Swallow The Sun
Plague Of Butterflies
posted on 11/2008 By:
In a turn of events almost identical to the circumstances that led to the release of Arsis’ A Diamond For Disease EP, Finnish melodoom stalwarts Swallow The Sun have released their own take on a heavy metal soundtrack to ballet. Um…..yeah. Ballet is fuckin’ brutal, you know?
The centerpiece of this “EP” (which clocks in at over an hour in length) is the monstrous “Losing the Sunsets / Plague of Butterflies / Evael 10:00” composition, which was originally meant to serve as the soundtrack for the aforementioned metal/ballet project until that project was cancelled. At a whopping 34:42 in length, this track is going to test the patience of even the most ardent Swallow The Sun fans, and while it's certainly enjoyable as something to lose yourself in for half an hour, I’m still not sure that it's quite impressive enough to warrant repeated play-throughs of its excessive length.
As the title suggests, the song is composed of three primary movements, each separated by sparse atmospheric interludes that make the whole thing sound more like three completely different songs stacked together rather than one epic composition. Swallow The Sun exercise all the usual elements of their patented melodic death/doom sound here as expected; the somber melodies, acoustic elements, and clean/growled vocal dynamics are just as enjoyable here as they've always been, and the band is effective at keeping the pace interesting throughout the track’s long duration through their crafty balance of heavy downtrodden riffage and morose folky ambience. At the same time, things can feel fragmented from time to time, and unless you’re paying absolute attention to the song’s progression the whole way through, it becomes easy to completely lose your place in all the quiet intermissions and layers of depressive riffs. And once you hear that fourth or fifth ultra-morose lead passage, it can get a little exhausting. I will say that the final crescendo of the song’s last couple of minutes is truly powerful, and the epic keyboards and beautiful lead guitar segment will ensure that even if you’ve kind of shifted in and out of focus up until that point, you’ll definitely be paying attention when it all ends.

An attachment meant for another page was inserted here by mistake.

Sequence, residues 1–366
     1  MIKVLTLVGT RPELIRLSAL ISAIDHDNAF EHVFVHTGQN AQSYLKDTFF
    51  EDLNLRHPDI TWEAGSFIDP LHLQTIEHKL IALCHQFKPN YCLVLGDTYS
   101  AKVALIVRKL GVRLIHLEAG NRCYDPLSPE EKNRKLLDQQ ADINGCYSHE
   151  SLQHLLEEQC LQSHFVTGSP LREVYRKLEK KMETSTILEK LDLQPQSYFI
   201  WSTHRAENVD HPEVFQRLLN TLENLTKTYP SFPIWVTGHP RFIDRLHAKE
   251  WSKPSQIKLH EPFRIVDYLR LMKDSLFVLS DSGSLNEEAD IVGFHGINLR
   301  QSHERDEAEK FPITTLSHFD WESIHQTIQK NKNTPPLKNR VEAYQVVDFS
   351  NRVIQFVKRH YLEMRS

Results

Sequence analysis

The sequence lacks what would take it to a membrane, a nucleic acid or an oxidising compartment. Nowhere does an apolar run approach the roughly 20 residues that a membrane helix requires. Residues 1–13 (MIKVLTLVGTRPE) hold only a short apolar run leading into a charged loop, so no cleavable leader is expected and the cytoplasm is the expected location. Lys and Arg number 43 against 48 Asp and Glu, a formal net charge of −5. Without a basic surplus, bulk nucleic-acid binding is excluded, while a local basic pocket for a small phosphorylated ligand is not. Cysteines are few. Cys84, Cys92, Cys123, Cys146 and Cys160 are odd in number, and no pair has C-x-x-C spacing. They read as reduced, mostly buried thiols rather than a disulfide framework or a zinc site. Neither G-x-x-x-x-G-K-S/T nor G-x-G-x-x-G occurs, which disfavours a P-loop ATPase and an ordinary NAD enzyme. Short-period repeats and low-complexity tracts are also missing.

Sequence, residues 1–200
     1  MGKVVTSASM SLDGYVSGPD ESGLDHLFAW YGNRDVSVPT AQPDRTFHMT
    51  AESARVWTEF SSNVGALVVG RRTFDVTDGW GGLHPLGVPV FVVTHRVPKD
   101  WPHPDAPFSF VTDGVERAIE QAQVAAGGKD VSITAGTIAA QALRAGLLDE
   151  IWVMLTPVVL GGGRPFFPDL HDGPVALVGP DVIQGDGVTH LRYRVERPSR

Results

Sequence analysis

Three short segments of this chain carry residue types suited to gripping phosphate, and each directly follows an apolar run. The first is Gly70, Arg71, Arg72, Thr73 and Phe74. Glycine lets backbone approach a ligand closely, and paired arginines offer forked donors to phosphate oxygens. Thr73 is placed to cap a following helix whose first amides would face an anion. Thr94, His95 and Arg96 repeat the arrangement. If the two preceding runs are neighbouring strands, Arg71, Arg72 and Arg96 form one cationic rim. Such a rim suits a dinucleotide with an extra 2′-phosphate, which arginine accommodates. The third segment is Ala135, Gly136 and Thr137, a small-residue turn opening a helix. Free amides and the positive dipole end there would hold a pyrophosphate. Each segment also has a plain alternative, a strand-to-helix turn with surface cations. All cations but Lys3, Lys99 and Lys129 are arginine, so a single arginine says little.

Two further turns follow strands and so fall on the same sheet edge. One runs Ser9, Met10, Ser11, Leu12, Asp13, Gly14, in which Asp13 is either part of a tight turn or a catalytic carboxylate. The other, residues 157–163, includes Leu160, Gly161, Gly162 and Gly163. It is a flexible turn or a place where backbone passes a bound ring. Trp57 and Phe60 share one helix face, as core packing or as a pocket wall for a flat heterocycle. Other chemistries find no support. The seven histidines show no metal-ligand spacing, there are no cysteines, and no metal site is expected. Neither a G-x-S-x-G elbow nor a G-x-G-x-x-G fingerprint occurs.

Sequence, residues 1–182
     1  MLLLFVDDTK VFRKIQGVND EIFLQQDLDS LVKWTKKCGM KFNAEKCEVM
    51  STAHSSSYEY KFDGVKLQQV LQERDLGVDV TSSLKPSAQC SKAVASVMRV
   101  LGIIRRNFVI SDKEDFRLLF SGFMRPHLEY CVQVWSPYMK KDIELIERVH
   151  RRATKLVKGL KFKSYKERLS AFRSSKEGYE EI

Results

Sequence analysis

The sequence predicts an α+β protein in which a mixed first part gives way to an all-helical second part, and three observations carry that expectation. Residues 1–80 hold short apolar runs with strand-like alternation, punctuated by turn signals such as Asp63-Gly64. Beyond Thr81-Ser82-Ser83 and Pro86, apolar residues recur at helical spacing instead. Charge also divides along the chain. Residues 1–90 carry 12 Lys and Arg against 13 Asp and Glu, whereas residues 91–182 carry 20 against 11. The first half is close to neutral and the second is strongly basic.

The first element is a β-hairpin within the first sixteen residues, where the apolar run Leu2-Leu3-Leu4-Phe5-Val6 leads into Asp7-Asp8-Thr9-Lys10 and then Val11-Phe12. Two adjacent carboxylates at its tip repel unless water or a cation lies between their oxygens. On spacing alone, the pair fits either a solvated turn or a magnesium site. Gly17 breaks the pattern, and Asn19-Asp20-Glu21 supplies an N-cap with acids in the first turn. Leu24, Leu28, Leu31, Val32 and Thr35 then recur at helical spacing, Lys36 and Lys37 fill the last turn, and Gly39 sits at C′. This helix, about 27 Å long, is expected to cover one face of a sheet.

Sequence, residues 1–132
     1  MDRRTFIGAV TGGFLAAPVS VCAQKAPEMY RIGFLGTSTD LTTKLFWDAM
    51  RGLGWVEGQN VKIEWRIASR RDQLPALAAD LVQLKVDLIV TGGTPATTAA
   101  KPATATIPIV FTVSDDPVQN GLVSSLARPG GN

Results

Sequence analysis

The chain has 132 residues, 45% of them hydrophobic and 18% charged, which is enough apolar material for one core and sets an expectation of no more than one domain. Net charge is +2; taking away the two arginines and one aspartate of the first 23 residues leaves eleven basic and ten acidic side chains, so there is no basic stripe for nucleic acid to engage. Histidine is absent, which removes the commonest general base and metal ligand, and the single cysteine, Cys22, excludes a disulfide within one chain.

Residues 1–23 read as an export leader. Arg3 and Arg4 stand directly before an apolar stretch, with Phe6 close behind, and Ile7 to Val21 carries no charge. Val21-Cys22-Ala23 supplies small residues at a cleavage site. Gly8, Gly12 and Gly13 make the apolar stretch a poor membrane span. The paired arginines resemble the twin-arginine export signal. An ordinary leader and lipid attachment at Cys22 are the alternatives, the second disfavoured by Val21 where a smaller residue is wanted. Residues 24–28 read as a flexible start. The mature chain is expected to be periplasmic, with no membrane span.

The band has also tacked on the four-track Out Of This Gloomy Light demo to the main attraction. All of these songs except for “Swallow” (which is a great track) were re-recorded for the debut The Morning Never Came, but it will still be nice for fans to hear these songs in a slightly less polished context.
So should you, the Swallow The Sun appreciator, buy A Plague of Butterflies? Well, the jury’s still out on that one. You’ll no doubt have quite an experience listening to the centerpiece track for the first time, but I’m not so sure that it will be entering a regular spot in your rotation. The material here does manage to live up to this band’s high standards, but I would still place it as a step down from their terrific full-length efforts. This is mainly due to the fact that the brilliant narrative touches these guys put into their individual songs (the quiet intros, the fiery climaxes) lose some of their impact when they’re all fitted together into one single composition and repeated. Then again, when considering that this composition was originally intended to be a soundtrack or sorts, it’s interesting to imagine how the music would have accompanied the visual aspect of the performance. One thing’s for sure; Swallow The Sun put a hell of a lot of effort into this piece, and that fact alone makes it well worth your interest, although you’ll have to decide if it's ultimately worth your money.
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